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Adrenal glands are a pair of small glands just above each kidney that produce important hormones. Adrenal tumors are uncommon, and most are not cancerous. But tumors can cause adrenal glands to make too many hormones, causing troubling symptoms. Adrenalectomy is surgery to remove one or both adrenal glands.

What are the adrenal glands?

The adrenals are small glands just above each kidney. They are part of your endocrine system, which creates hormones that affect growth, development, sexual function and metabolism. The adrenal glands produce sex hormones, adrenaline and cortisol.

Why is an adrenalectomy performed?

Problems with the adrenal glands are pretty rare. Sometimes, though, an adrenal tumor that may or may not produce excessive hormones can develop. For tumors that produce excessive hormones, a surgeon must remove the gland and tumor so that hormone levels can get back within normal ranges. For some of the tumors that are not producing hormones, but are suspicious for cancer, likewise, the tumor needs to be surgically removed.

What symptoms can adrenal problems cause?

Although adrenal tumors are rarely cancerous, increased hormones may lead to health problems, such as:
• Anxiety.
• Excessive sweating (hyperhidrosis).
• Fatigue.
• Frequent urination.
• Headaches.
• Heart palpitations or rapid heart rate.
• High blood pressure (hypertension).
• Excess weight (obesity).
• Muscle weakness.

Cushing’s syndrome (hypercortisolism) may occur when the adrenal glands make too much cortisol (also known as the “stress hormone”) for a long time. If left untreated, Cushing’s syndrome can be life-threatening.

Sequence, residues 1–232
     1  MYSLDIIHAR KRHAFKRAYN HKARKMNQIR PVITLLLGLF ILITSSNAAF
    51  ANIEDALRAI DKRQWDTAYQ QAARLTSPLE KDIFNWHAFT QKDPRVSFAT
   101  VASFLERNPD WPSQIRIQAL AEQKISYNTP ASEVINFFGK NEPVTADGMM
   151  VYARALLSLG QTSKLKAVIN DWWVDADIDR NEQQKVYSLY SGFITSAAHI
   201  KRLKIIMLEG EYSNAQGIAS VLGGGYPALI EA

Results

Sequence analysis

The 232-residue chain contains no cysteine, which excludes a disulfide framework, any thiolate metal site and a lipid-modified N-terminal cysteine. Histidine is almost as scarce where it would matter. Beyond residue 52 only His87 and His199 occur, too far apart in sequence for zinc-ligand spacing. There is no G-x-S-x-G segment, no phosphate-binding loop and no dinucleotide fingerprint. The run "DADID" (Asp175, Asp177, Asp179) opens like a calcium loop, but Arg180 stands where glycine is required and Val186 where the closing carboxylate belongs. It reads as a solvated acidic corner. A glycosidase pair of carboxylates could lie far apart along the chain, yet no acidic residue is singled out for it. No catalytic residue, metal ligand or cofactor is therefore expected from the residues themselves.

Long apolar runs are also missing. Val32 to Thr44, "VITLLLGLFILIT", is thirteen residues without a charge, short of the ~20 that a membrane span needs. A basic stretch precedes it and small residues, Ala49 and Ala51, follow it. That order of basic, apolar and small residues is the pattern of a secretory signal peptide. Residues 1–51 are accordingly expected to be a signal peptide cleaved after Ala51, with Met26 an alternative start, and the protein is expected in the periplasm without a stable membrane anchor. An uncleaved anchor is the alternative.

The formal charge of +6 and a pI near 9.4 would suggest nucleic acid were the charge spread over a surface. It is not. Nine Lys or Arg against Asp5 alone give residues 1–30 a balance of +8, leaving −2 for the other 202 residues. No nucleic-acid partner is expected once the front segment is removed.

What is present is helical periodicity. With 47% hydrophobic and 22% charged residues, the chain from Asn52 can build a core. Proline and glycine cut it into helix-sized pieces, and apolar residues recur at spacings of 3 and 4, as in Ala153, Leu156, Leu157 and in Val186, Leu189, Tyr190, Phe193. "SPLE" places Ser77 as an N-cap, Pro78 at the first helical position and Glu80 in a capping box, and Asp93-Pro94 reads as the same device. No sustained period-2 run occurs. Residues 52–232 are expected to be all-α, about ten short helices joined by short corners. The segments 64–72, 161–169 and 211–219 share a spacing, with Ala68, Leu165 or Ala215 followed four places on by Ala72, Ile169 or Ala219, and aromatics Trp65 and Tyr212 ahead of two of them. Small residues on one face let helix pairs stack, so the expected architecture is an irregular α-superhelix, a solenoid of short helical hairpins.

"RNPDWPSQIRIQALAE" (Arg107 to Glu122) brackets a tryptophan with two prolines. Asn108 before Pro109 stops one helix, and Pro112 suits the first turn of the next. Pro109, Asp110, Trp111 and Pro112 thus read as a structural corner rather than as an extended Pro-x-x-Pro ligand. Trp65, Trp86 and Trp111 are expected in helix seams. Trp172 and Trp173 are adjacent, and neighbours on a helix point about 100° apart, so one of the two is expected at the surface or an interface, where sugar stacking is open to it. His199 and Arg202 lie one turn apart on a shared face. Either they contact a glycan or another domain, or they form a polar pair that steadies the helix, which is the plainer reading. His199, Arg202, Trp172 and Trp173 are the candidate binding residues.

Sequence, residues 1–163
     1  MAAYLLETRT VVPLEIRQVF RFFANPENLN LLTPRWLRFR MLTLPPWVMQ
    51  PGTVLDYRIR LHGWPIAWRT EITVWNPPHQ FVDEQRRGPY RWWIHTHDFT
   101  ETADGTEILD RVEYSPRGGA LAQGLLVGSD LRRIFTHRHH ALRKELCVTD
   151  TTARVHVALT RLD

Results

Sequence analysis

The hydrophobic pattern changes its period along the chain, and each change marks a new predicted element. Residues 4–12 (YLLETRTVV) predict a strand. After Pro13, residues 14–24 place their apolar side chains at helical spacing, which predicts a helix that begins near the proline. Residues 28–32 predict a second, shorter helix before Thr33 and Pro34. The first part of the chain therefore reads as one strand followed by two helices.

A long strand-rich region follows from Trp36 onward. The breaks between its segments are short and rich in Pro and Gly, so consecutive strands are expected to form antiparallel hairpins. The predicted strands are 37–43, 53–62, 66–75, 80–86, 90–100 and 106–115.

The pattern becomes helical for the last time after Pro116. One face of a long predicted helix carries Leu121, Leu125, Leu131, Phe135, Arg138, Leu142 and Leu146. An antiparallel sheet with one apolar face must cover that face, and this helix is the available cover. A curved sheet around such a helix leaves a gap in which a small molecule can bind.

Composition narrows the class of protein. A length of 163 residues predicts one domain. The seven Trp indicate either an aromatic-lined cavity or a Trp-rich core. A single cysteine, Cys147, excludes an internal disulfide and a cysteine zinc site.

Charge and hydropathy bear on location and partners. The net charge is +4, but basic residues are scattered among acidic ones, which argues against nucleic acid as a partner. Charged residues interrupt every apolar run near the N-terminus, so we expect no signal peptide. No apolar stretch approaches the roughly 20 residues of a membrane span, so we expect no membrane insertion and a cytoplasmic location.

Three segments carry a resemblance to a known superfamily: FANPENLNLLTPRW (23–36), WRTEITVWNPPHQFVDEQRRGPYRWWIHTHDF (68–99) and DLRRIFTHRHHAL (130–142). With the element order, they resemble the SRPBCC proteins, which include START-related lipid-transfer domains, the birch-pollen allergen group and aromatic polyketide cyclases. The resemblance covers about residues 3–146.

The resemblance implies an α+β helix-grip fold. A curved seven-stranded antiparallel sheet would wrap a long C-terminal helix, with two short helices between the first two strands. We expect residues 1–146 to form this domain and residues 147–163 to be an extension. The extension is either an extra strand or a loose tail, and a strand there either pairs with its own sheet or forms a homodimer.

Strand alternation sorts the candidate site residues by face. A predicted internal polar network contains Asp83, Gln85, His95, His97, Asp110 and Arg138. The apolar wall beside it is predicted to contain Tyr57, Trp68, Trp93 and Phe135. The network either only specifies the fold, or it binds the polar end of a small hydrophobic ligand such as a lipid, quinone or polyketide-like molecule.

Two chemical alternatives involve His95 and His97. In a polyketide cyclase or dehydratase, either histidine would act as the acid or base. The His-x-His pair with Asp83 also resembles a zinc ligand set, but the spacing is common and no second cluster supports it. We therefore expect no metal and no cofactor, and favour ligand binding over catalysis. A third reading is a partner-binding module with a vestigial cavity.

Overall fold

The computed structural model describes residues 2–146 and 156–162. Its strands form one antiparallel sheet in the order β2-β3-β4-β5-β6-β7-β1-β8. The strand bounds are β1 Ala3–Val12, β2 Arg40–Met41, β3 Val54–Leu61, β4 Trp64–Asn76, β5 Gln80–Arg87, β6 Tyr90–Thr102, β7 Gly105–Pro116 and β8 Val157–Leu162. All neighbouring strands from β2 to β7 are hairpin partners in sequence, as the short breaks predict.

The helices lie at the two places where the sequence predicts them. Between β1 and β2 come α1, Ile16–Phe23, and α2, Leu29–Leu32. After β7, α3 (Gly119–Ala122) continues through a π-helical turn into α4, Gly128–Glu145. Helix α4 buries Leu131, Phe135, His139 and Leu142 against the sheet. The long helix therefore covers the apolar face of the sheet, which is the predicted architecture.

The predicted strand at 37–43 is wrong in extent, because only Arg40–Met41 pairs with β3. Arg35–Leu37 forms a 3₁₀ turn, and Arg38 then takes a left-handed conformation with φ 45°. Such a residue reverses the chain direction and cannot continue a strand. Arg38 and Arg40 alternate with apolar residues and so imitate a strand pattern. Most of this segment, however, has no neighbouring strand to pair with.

Primary hyperaldosteronism may occur when the adrenal produces a blood pressure hormone called “aldosterone” which can lead to salt wasting and high blood pressure resistant to medications.

Pheochromocytoma is a condition related to over production of another group of blood pressure hormones called “catecholamines and metanephrines”. It can lead to a life-threatening high blood pressure problem.
In addition to these more common hormonal syndromes, over production of sex steroids can lead to excessive hair growth and virilization.

How is adrenalectomy done?

The surgeon will operate in one of two ways:

• Open adrenalectomy: Your surgeon may use open surgery if the tumor is large or might be cancerous. The surgeon makes an open large incision (cut) in the abdomen to remove the gland(s).
• Laparoscopic adrenalectomy: More commonly, the surgeon makes a few small incisions and performs a minimally invasive procedure. This method uses a laparoscope, a thin tube equipped with a tiny video camera so the surgeon can see inside the body. Robotic surgery uses the same incisions, but uses wristed, rather than rigid instruments. Whether laparoscopic or robotic, the procedure can either be done by placing the incisions on the back (posterior approach) or on the side (lateral approach). Both procedures are equally successful, with the back approach providing advantages of not entering the abdomen. The back approach is also preferred in patients with a history of prior upper abdominal incisions and 2-sided tumors. Due to the small working space with the back approach, only tumors smaller than 6 cm are approached through the back.


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